Scientific references.

Alarcón, P., González, M., & Castro, É. (2016). [The role of gut microbiota in the regulation of the immune response]. Revista Medica De Chile, 144(7), 910–916. https://doi.org/10.4067/S0034-98872016000700013

Ansari, F., Pourjafar, H., Tabrizi, A., & Homayouni, A. (2020). The Effects of Probiotics and Prebiotics on Mental Disorders: A Review on Depression, Anxiety, Alzheimer, and Autism Spectrum Disorders. Current Pharmaceutical Biotechnology, 21(7), 555–565. https://doi.org/10.2174/1389201021666200107113812

Azad, Md. A. K., Sarker, M., & Wan, D. (2018). Immunomodulatory Effects of Probiotics on Cytokine Profiles. BioMed Research International, 2018, 8063647. https://doi.org/10.1155/2018/8063647

Bron, P. A., Kleerebezem, M., Brummer, R.-J., Cani, P. D., Mercenier, A., MacDonald, T. T., Garcia-Ródenas, C. L., & Wells, J. M. (2017). Can probiotics modulate human disease by impacting intestinal barrier function? The British Journal of Nutrition, 117(1), 93–107. https://doi.org/10.1017/S0007114516004037

Bruce-Keller, A., Salbaum, J. M., & Berthoud, H.-R. (2018). Harnessing Gut Microbes for Mental Health: Getting from Here to There. Biological Psychiatry, 83(3), 214–223. https://doi.org/10.1016/j.biopsych.2017.08.014

de Vos, W. M., & de Vos, E. A. (2012). Role of the intestinal microbiome in health and disease: From correlation to causation. Nutrition Reviews, 70, S45–S56. https://doi.org/10.1111/j.1753-4887.2012.00505.x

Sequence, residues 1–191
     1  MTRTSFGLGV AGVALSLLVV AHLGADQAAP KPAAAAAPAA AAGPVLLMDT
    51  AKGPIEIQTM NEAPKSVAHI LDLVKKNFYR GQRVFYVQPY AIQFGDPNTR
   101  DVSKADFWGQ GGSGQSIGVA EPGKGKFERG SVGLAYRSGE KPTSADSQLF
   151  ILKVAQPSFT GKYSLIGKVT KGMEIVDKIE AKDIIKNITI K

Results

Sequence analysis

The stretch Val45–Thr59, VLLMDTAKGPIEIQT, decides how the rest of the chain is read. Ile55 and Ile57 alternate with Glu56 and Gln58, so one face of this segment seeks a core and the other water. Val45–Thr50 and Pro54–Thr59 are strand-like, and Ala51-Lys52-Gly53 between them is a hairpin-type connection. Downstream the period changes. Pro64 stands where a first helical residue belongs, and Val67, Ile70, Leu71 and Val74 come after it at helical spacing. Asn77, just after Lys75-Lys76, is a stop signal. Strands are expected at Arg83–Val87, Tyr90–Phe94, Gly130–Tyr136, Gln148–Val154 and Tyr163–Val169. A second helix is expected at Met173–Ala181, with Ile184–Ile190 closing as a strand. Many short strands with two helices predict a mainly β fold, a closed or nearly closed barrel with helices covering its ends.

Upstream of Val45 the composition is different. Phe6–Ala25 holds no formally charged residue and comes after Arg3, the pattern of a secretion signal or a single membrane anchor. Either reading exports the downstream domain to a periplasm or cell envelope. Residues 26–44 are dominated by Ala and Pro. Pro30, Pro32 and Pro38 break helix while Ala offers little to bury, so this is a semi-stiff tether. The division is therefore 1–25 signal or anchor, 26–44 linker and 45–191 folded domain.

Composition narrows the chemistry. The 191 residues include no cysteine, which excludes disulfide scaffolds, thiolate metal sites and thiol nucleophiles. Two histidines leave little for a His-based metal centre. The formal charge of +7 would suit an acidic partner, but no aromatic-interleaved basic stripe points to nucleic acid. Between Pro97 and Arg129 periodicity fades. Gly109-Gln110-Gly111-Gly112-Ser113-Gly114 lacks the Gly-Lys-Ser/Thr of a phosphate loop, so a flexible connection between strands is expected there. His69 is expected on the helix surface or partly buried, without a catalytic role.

Dinan, T. G., & Cryan, J. F. (2017). Brain-Gut-Microbiota Axis and Mental Health. Psychosomatic Medicine, 79(8), 920–926. https://doi.org/10.1097/PSY.0000000000000519

Frei, R., Akdis, M., & O’Mahony, L. (2015). Prebiotics, probiotics, synbiotics, and the immune system: Experimental data and clinical evidence. Current Opinion in Gastroenterology, 31(2), 153–158. https://doi.org/10.1097/MOG.0000000000000151

Gill, H., & Prasad, J. (2008). Probiotics, immunomodulation, and health benefits. Advances in Experimental Medicine and Biology, 606, 423–454. https://doi.org/10.1007/978-0-387-74087-4_17

Järbrink-Sehgal, E., & Andreasson, A. (2020). The gut microbiota and mental health in adults. Current Opinion in Neurobiology, 62, 102–114. https://doi.org/10.1016/j.conb.2020.01.016

Kim, S.-K., Guevarra, R. B., Kim, Y.-T., Kwon, J., Kim, H., Cho, J. H., & Lee, H. B. K. and J.-H. (2019). Role of Probiotics in Human Gut Microbiome-Associated Diseases. 29(9), 1335–1340. https://doi.org/10.4014/jmb.1906.06064

Markowiak, P., & Śliżewska, K. (2017). Effects of Probiotics, Prebiotics, and Synbiotics on Human Health. Nutrients, 9(9), 1021. https://doi.org/10.3390/nu9091021

Sebastián Domingo, J. J., & Sánchez Sánchez, C. (2017). From the intestinal flora to the microbiome. Revista Española de Enfermedades Digestivas, 110(1), 51–56. https://doi.org/10.17235/reed.2017.4947/2017

Wang, B., Yao, M., Lv, L., Ling, Z., & Li, L. (2017). The Human Microbiota in Health and Disease. Engineering, 3(1), 71–82. https://doi.org/10.1016/J.ENG.2017.01.008

Wieërs, G., Belkhir, L., Enaud, R., Leclercq, S., Philippart de Foy, J.-M., Dequenne, I., de Timary, P., & Cani, P. D. (2020). How Probiotics Affect the Microbiota. Frontiers in Cellular and Infection Microbiology, 9, 454. https://doi.org/10.3389/fcimb.2019.00454

Zhou, L., & Foster, J. A. (2015). Psychobiotics and the gut–brain axis: In the pursuit of happiness. Neuropsychiatric Disease and Treatment, 11, 715–723. https://doi.org/10.2147/NDT.S61997